A Passage to India, like Howard's End earlier, is about human connectedness or its limitations. A comparison between the manuscripts of 1913 and of 1922 shows the maturing of Forster's art. Originally he intended to create a ‘bridge of sympathy between East and West', but later found that he had outgrown this naïve enterprise. ‘My sense of truth forbids anything so comfortable,' he declared, ‘…and I am not interested whether they sympathise with one another or not'.
The first draft was a standard courtroom drama with little thematic substance. Adela was molested in the Marabar Caves and Aziz was found guilty. But, in the final version, this facile resolution was replaced by something much darker, more profound for, as Moffat points out, Forster had succumbed to India's incomprehensibility.
Rejecting authorial omniscience he leaves the novel open-ended. Adela is never sure what really happened in the womblike darkness of the caves, and Mrs. Moore emerges psychologically shattered, abjuring her Christian faith for soul-destroying nihilism in which “Pathos, piety, courage…Everything exists, nothing has value'.
After A Passage… Forster turned to other forms of self-expression: radio talks, travel books, biography, short stories, librettos and two books of essays on civil liberties thought to be the most influential of the century. With surprising courage in one so timid he openly supported other gay men but never came out himself, being by nature unsuited to martyrdom. And, surprisingly again, this champion of liberalism had his blind spots. Temperamentally incapable of understanding women, he was suspicious of their power to the point of misogyny. To the Woolfs he confided that he found ‘lesbians disgusting, partly from conventions, partly because he disliked that women should be independent of men.' Well!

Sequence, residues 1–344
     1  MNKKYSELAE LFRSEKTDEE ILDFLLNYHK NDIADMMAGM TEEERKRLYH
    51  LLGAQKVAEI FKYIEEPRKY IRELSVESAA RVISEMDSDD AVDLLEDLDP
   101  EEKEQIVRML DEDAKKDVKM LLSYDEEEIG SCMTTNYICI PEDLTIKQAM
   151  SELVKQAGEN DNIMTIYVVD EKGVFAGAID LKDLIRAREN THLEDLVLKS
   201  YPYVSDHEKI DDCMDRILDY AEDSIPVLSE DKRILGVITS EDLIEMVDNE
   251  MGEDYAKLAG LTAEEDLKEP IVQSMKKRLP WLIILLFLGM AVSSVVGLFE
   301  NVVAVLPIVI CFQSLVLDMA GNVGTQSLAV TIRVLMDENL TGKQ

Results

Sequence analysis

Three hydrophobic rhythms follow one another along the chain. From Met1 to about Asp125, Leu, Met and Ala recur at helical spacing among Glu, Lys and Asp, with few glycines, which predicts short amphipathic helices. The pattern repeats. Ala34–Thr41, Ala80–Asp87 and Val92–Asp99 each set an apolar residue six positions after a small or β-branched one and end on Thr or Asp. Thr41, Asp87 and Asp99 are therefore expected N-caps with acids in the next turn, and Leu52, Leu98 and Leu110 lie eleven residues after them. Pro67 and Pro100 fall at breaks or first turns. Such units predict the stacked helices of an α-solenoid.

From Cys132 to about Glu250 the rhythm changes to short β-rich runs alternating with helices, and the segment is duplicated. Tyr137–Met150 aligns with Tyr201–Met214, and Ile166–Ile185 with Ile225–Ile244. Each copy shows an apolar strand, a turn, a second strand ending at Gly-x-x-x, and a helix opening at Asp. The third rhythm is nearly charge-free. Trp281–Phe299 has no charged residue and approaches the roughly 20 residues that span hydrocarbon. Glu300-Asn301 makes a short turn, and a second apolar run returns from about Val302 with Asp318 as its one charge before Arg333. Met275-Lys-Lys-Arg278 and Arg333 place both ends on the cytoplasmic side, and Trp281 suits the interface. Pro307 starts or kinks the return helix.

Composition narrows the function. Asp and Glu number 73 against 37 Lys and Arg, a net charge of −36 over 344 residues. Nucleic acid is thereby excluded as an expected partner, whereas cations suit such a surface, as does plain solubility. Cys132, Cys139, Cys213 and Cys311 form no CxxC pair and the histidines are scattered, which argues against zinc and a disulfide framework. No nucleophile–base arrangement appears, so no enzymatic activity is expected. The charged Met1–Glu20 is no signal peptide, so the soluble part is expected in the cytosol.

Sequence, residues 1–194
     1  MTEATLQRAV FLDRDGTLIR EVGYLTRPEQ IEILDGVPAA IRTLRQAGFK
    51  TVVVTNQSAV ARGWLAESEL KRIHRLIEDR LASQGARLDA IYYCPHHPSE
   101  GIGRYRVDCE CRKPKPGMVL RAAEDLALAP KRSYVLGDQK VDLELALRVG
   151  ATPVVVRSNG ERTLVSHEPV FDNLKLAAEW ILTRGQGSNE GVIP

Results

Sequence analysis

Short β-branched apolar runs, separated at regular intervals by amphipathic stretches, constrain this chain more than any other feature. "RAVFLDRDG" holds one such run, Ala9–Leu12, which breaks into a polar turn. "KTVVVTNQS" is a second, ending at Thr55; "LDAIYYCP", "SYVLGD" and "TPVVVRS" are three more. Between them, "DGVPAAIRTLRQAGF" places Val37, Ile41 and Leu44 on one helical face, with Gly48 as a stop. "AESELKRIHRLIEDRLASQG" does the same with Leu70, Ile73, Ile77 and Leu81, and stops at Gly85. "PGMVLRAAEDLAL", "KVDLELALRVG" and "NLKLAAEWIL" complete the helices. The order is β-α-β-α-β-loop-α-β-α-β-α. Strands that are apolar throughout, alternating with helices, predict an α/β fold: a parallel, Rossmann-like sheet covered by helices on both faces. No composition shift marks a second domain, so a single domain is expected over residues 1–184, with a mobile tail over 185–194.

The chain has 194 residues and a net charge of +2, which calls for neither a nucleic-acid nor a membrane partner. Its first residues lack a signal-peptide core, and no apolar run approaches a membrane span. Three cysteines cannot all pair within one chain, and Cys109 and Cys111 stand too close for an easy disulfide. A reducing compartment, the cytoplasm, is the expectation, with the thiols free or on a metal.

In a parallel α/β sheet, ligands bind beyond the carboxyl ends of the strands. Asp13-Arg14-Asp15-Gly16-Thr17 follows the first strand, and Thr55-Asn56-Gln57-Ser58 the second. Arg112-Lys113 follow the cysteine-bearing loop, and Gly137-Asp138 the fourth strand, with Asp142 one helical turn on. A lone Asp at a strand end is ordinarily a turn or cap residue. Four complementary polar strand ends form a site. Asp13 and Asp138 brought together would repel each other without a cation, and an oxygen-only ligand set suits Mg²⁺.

Moffat's approach to her subject is creative. A dedicated researcher, she is transparently truthful without being judgemental, never glossing over Forster's failings or sparing us the details of his liaisons, sometimes sordid, sometimes farcical. His first sexual encounter with el Adl was more like a boxing match, ending with Forster wiping the blood off his face while the beautiful boy nursed a black eye. With humour and imaginative sympathy, she presents a multi-faceted personality in the context of life in his times, capturing the ambience of a place, outlining a character in a couple of sentences.
Her canvas is panoramic as Morgan, the painfully shy, over-protected child, moves out of the ambit of his repressive mother to the more tolerant world of Cambridge, widening his horizons and making lasting friendships. From London and Italy he moves to Alexandria, that historic halfway house between East and West with its hybrid culture, its mixed population and meandering streets leading from the imposing official quarter to ‘the secret city of vice' where sex of a mind-boggling variety is available. Then on to mysterious India of multiple gods, Maharajahs and Ross Masoud; then New York, the West Coast and what have you.
Can such a meticulous researcher perpetrate a howler? Yes, she does (p.239), showing T. E. Lawrence just ‘returned from Pakistan' in 1935, when that country did not exist until 1947! No matter. Here is a path-breaking literary biography, the best in years, that is a joy to read and re-read.
E. M. Forster: A New Life; Wendy Moffat, Bloomsbury, Rs. 999.